The victims of Mr Woodford's funds

So Mr Woodford is still coining it in with £100k a day fees

When Dennis Deane and his wife Janet chose the Woodford Equity Income Fund, they wanted a 'safe and steady' investment option for their £40,000 nest egg

Even if Woodford hadn't lost the plot and fucked it up spectaculalry, an equity fund of any description is not safe and steady.

"Dennis, a father-of-two, says: 'The bottom fell out of my stomach when I realised I couldn't get my money out. "

How long can he keep them locked out? As soon as he opens the funds to release funds he will have to close it again.

What a bunch of twats.

"after sustaining losses over the past few years, he decided to opt for Neil Woodford, who they believed was reliable" - roll up for the Woodford guaranteed return fund. Presumably there will be a Heil article on the funds that sustained the other losses soon. Who puts all their money in a single fund?

What has been interesting about this all is how bloody clueless some people that invest in equities are. I assume they are all crying for the desperate individuals losing hand over fist down their local bookies and want a comprehensive system that ensures only gains for all on all "investments"? Presumably they missed the fact that Henderson shut its real estate fund a couple of years ago? 

Buzz what about infra funds? They're fairly safe and steady. 

They're infra funds though aren't they. Not equity funds as such.


For the uninitiated what's the difference? They take equity stakes in infra related companies.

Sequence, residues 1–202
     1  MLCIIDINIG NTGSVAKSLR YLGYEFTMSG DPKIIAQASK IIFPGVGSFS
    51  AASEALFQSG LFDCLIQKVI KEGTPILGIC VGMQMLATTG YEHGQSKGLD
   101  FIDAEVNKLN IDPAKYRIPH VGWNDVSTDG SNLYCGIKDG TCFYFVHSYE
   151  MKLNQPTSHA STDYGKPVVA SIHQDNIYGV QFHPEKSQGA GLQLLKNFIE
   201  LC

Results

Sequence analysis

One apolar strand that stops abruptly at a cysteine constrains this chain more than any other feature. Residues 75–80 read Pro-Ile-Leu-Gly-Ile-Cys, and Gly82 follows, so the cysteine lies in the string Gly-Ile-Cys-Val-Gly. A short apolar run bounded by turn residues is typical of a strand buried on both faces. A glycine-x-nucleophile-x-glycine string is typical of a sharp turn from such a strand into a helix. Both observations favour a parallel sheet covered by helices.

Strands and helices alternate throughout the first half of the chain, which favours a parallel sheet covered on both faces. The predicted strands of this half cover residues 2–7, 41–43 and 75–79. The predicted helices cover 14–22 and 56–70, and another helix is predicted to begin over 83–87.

I think most infrastructure funds do a combination of ordinary equity, preferred equity and debt investments with a tendency more to the fixed interest/fixed divi side of things rather than the more ordinary equity skewed portfolio of what would be regarded as a normal equity income fund. And of course the underlying businesses themselves infrastructure funds tend to have much more predictable revenues.

The truth is that apart from interest rate sensitive stocks, and Facebook etc, there has been a bear market in equities and the real economy ever since the New York bankers fraud of 2008

So the likes of Woodford have to speculate on wild eyed AIM stocks 

This is why I've historically invested through an intermediary with enough clout to go and question the people running the funds they invest in to find out exactly what's going on rather than relying on a tip in the Sunday Times.

Infra funds are good because they are negotiating against governments, purveyors of such successes as the East Coast Main Line, Brexit emergency ferries, and procurement of destroyers that don't work in hot water. 

Prob not the time to go in for UK ones though as I doubt Corbyn is planning on paying market rate for the assets he is "taking back control" over. 

I have put all my money into pork bellies and frozen orange juice

"I was shocked to learn that the magic beans i bought were not magic. The man selling the magic beans was awfully nice"

You mean like St James's Place and Hargreaves Lansdown did with Woodford Investment Management sailerz?

I've always invested through an intermediary as I like the way they take extra money off me, keep Next in business with their suits, and leave their entire portfolio of recommendations to some OpenWork software. 

No slightly more discerning than either of those Buzz.  People who have decent analysts who do some research and pick holes in strategies.  There are some good SJP franchises but some spectacularly awful ones too.

The awesome Mark Carney joining in the kicking yesterday. Judging from his comments Woodford is not the only manager in town exploiting retail investor ignorance of liquidity risk to pile into low liquidity securities to massage returns. Interesting to see how his proposed crackdown pans out.